Golar reaches terms for Equatorial Guinea FLNG

Golar LNG signed a binding heads of terms with Ophir Energy PLC for provision of the Golar floating LNG (FLNG) vessel Gimi. Ophir’s Equatorial Guinea Block R upstream partner GEPetrol approved the terms and will formally ratify them next week. The agreement will be structured as a 20-year tolling contract, starting commercial operations first-half 2019.

Gimi is Golar’s second FLNG vessel following Hilli, which is scheduled to begin commercial operations off Cameroon first-half 2017. Golar with its partners Keppel Shipyard and Black & Veatch committed to the Gimi FLNG conversion last year (OGJ Online, Jan. 5, 2015). Gimi will use the same configuration of utilities and liquefaction plant as Hilli, with variations to accommodate production direct from the deepwater Block R reservoir.

At full production Gimi will have a contracted capacity of 2.2 million tonnes/year of LNG, to be marketed by Ophir and GEPetrol. Block R has 2.5 tcf of high-purity proved and probable natural gas in an area of benign sea states, Golar said.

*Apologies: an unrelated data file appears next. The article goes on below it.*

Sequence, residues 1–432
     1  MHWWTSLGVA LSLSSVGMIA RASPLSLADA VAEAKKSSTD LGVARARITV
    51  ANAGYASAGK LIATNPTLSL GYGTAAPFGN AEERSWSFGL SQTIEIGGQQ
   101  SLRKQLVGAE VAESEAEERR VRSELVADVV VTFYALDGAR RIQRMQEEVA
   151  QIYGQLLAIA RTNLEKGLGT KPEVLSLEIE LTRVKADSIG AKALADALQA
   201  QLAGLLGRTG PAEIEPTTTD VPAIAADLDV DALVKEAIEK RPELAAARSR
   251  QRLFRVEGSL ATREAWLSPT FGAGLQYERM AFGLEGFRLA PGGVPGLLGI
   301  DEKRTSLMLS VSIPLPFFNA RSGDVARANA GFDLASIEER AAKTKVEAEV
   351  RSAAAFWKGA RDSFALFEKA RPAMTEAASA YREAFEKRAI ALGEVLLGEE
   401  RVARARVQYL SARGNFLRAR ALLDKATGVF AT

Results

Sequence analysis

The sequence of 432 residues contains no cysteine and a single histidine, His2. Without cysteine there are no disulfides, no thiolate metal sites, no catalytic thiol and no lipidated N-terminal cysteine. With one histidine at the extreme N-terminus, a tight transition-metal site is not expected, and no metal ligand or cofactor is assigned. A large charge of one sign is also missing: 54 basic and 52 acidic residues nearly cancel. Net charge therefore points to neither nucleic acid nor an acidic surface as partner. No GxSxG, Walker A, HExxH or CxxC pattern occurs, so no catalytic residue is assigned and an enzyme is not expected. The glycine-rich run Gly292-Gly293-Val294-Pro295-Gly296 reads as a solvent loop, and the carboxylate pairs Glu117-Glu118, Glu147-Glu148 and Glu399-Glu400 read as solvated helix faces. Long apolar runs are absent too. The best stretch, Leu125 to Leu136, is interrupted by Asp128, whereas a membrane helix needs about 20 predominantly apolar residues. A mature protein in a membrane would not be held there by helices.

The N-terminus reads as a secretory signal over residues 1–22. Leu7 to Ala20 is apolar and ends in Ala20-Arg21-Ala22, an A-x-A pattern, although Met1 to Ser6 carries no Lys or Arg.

The integrated Ophir-GEPetrol-Golar project is expected to make a first-half 2016 final investment decision, following completion of its upstream front-end engineering and design study.

Did You Like this Article? Get All the Energy Industry News Delivered to Your Inbox

Subscribe to an email newsletter today at no cost and receive the latest news and information.

 Subscribe Now


Maximizing Operational Excellence

In a recent survey conducted by PennEnergy Research, 70% of surveyed energy industry professional...

Leveraging the Power of Information in the Energy Industry

Information Governance is about more than compliance. It’s about using your information to drive ...

Reduce Engineering Project Complexity

Engineering document management presents unique and complex challenges. A solution based in Enter...

Revolutionizing Asset Management in the Electric Power Industry

With the arrival of the Industrial Internet of Things, data is growing and becoming more accessib...